• 58. 57 A Renewable Energy Plan for Mozambique Figure 12: The Clean 15: A green energy investment plan for Mozambique Manica 50 MW Micro Hidro 50 MW Micro Hidro 50 MW Micro Hidro Sofala 100 MW Biomass Inhambane 150 MW Gas Cabo Delgado 50 MW Gas Tete 25 MW CSP Niassa 50 MW Hidro Nampula 25 MW CSP Maputo 50 MW Biomass 40 MW Wind 10 MW PV 20 MW Wind 10 MW PV 20 MW Wind One billion dollars invested in green energy sources could make a huge difference in Mozambique’s energy future. 15 green energy projects istributed throughout the country would: • Build an environmentally sustainable energy base • Greatly reduce strains on the transmission systems • Make energy available where is it needed and stimulate growth • Attract investment and skills from the worldwide booming renewable industry Tech- nology Location Capacity Target (MW) Typical Invest- ment Cost ($M/MW) Nominal Investment (US$M) Capacity Factor Electricity Cost (US$/MWh) Micro- hydro Manica, Niassa, Zambezia 200 1.4 280 45% 60 Wind Cabo Delgado, Maputo, Nampula 80 1.7 136 30% 60 Cogen Sofala, Gaza 150 1.2 180 80% 45 PV Maputo, Inhambane 20 7 140 20% 180 CSP Nampula, Gaza, Tete 50 5 250 30% 100 Gas Cabo Delgado, Inhambane 200 0.8 160 90% 55 Totals 700MW US$M1146 The Clean 15: A green energy investment plan for Mozambique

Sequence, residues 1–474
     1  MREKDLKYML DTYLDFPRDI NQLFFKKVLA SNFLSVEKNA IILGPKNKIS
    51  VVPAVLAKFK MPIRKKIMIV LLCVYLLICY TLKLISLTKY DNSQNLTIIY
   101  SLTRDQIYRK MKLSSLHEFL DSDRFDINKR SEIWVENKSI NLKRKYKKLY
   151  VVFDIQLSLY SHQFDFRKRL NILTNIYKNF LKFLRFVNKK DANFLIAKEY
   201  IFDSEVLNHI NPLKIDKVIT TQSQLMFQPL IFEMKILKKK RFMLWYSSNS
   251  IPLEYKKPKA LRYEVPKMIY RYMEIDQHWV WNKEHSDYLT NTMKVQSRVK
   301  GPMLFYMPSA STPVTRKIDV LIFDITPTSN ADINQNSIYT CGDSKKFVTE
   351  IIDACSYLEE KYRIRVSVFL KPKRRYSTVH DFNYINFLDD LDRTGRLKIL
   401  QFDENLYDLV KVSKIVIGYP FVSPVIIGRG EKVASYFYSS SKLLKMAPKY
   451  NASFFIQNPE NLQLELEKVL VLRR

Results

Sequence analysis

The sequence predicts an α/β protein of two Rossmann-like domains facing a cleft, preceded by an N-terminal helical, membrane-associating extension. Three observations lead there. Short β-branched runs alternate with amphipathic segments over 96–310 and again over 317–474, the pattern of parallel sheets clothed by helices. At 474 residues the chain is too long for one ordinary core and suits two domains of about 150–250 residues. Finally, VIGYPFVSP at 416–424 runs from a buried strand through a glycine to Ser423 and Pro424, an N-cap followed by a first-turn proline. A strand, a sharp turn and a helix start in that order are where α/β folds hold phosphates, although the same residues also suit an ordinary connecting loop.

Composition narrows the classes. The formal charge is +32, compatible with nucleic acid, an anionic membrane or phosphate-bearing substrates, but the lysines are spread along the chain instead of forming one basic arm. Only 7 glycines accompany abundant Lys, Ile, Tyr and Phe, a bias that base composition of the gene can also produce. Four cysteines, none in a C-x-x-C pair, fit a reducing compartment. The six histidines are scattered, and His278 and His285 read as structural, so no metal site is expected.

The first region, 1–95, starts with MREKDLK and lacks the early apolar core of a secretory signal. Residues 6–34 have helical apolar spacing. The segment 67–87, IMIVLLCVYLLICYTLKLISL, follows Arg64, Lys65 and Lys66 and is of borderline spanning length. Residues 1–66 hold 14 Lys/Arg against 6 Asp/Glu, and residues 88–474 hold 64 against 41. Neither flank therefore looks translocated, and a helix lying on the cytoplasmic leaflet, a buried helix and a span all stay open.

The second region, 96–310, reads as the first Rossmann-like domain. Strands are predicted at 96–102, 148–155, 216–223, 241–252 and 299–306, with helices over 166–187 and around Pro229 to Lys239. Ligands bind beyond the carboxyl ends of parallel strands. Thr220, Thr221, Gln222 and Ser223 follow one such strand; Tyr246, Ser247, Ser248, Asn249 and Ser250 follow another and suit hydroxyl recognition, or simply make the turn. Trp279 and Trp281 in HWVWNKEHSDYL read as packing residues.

• 59. 58 ARenewableEnergyPlanforMozambique 6. While stimulating the growth of a local renewable energy sector, increase programs for training qualified personnel in engineering, installation and maintenance of renewable systems. Such training would require a balanced mix of university level engineering training, community level instruction to decentralize maintenance and service, as well as support for private sector training initiatives. These efforts would necessarily require government certification to fit within existing policy. 7. Actively encourage energy efficiency in Mozambique through poli- cies and programs. First steps would be appliance and building stand- ards, and working with the largest industries to reduce energy use. A program to retrofit public buildings would also send a strong message. 8. Seek to harmonize SAPP efforts to introduce decentralized energy technologies, energy efficiency standards, DSM and FiT pricing for renewables. Seek support for region-wide funds to develop renew- able energy projects that benefit the SAPP. SAPP needs to adopt poli- cies that prepare for climate change --- in whatever form it takes --- by quickly shifting its focus from mega-coal and dam projects to smaller, environmentally-friendly solutions. Box 4: Large Scale Electricity Projects, International Finance and Transparency in Southern Africa Southern Africa (as well as sub-Saharan Africa) has yet to make large scale invest- ments in grid-tied renewables, a practice increasingly mainstreamed in developed countries and Asia. The reasons include the following: • Governments strive to maintain low electricity prices, and this prevents them from investing in alternatives that they perceive as “more expensive”65 . • Since colonial days, Governments have been institutionally set up for execut- ing centralized large scale projects and have been reluctant to develop de- centralized approaches to power supply. • The subsidies that have driven the phenomenal growth of wind and solar PV elsewhere are not being made available to project developers in Africa (in fact, coal and large scale hydro are subsidized in Africa). • There is a lack of skilled knowledge, advocacy and experience about renewa- bles in African energy sectors as well as the management of these resources in grid-connected networks. • Finally, because of the lack of transparency and the centralized planning so common in key government departments in Africa, renewable energy inves- tors have been reluctant to move into African electricity sectors even where investments would make sense. The southern Africa energy sector mantra has long been that electricity must be cheap and that its production must be large-scale. Thus, in the South African Power Pool, over 95% of electricity comes from large coal plants or mega-dams in South Africa, Zambia, Zimbabwe, DRC and Mozambique. Indeed, electricity in southern Africa is among the lowest cost in the world. It has long been the strategy of SAPP governments to maintain these low electricity prices to attract investment in energy- intensive industry (i.e. mining, smelting) and to allow low-income families to gain access. This “least cost” mentality has crippled efforts to encourage investment in renewables that traditionally cost significantly more than coal or large hydro. This 65 The perception that large hydro and coal are lower cost than other sources of electricity does not always hold true. Hydropower projects often take much longer to construct than planned and end up considerably over budget. Increasingly, developers must include the environmental costs of coal in their projections, which considerably increases costs. Continued on next page